Computer processing may be about to get a lot faster thanks to graphene and light. New research out of MIT documents the relationship between hyper-thin carbon structures and light and suggests that the former might allow for the latter to replace electricity in a computer. Though no one is editing Word documents at light speed in a Cambridge lab yet, the researchers say that they have reason to believe this has been an observable phenomena for some time now.

“There are a few experiments that are done with graphene that are very interesting in what they show, but they haven’t been fully explained,” says Ido Kaminer, a physics postdoc at MIT and lead researcher on the paper. “One possible reason that they might actually have this effect with shockwaves of light, and they just don’t know it.”

The discovery is the combination of two unusual properties of graphene. The first is that light moves very slowly in graphene. Although graphene is too thin for light to stay inside it, light is trapped as beams of plasma that hang along both sides of the crystal. Graphene’s other unusual property is that electrons move very quickly within its honeycomb matrix.

Because of the effect graphene has on the speed of electrons and light, Kaminer and his team suggest that the electrons are moving faster than the threshold required to create shockwaves of light. These shockwaves are called Cerenkov emissions and are the light equivalent of a sonic boom. In graphene, the electrons are not actually going faster than the speed of light, but because of a quantum effect on Čerenkov emissions, the threshold for creating the shockwaves is lowered. This allows for electrons in graphene to actually create controlled beams of light that could be used as a faster method of computer processing.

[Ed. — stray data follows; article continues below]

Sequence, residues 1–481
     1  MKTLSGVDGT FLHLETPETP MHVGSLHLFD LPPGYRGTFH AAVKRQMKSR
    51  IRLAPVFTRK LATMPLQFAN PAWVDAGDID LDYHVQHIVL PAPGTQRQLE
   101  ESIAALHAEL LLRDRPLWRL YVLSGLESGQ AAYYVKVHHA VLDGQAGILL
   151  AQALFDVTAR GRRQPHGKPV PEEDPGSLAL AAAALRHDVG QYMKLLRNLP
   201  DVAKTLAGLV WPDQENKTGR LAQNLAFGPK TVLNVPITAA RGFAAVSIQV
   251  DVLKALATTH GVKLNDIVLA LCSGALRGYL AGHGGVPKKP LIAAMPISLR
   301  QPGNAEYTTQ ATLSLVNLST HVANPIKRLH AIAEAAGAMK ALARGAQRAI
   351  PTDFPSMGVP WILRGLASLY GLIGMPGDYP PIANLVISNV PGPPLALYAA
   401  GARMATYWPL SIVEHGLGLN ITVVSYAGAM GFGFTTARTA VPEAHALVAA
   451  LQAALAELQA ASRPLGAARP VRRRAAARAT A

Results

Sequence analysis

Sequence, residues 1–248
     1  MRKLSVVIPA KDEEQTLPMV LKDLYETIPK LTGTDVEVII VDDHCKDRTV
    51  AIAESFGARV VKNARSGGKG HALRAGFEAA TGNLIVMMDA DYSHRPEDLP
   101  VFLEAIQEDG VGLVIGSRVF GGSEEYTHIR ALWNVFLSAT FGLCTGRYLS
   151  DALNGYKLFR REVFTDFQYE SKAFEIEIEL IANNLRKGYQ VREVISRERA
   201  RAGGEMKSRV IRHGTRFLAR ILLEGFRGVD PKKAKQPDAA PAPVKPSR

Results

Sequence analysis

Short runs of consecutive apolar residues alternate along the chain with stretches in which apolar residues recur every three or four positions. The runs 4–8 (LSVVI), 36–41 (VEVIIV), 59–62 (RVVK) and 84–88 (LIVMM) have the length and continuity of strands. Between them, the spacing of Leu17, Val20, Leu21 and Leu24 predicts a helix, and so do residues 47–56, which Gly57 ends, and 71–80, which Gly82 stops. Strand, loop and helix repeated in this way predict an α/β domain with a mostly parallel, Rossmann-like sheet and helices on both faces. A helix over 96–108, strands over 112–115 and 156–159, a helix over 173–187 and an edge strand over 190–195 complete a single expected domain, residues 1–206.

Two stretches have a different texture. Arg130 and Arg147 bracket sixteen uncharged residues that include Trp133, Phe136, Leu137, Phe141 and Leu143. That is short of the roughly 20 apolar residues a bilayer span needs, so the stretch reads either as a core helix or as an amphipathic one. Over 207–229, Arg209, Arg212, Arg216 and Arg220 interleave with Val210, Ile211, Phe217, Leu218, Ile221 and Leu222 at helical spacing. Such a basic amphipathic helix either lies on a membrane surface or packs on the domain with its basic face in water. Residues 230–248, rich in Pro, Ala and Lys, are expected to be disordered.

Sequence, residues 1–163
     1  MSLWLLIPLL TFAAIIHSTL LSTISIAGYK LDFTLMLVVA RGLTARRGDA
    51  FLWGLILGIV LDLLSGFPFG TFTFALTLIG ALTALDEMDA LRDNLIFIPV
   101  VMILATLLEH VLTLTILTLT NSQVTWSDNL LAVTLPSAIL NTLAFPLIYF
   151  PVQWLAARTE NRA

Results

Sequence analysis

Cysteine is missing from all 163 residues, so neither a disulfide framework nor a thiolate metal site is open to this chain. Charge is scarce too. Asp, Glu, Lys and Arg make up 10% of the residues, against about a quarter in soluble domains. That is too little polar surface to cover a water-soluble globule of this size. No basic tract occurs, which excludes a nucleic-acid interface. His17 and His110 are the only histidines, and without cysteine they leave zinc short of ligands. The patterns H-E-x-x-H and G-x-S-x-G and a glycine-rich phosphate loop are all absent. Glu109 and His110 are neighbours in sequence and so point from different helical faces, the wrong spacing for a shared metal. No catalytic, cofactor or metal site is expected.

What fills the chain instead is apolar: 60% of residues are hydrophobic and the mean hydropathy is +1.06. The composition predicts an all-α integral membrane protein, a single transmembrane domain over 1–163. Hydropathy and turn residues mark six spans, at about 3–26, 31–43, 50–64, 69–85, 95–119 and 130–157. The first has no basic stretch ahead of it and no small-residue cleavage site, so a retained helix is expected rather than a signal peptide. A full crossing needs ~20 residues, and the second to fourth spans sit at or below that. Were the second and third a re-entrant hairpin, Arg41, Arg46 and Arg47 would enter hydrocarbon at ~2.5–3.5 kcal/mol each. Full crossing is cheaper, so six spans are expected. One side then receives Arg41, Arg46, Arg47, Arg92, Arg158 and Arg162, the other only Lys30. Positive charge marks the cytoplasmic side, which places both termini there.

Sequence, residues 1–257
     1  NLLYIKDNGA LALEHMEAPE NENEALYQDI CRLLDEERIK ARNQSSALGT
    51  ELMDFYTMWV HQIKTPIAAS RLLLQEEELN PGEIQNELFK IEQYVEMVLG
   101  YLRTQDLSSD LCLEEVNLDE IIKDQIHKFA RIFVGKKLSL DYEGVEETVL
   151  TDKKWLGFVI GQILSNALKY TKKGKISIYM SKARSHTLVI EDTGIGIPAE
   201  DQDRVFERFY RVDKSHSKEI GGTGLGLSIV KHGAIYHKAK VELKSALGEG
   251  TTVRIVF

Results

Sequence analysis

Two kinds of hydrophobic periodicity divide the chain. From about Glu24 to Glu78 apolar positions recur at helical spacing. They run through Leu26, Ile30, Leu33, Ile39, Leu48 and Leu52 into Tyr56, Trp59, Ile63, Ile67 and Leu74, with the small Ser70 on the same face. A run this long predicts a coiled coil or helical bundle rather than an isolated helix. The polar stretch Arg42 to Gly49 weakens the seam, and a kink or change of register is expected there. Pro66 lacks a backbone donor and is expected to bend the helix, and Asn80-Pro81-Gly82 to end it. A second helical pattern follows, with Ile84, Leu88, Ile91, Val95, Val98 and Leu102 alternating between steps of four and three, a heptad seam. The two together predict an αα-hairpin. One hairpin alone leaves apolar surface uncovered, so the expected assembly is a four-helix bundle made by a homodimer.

This is the suggested path of the Čerenkov emissions through a graphene crystal
This is the suggested path of the Čerenkov emissions through a graphene crystal

This discovery has opened up the possibility for a number of materials to be used to make optical computer cores, says Kaminer. Boron nitride and monolayers of silver would theoretically have the same properties. For computers of the future, Kaminer says, “I can’t really promise that graphene will be the one that will win.”

However, Kaminer says that his lab is talking with other research groups to find a way to observe this effect directly, and uncouple the light from the graphene — the key to actually creating a new type of computer. And then it’s bon voyage quad-core, hello light core.

Photos via Kaminer et al., Giphy

Dyani Sabin is a science writer from small-town Ohio transplanted to New York City. Former biology researcher and library supervisor, you can also find her writing at Scienceline.

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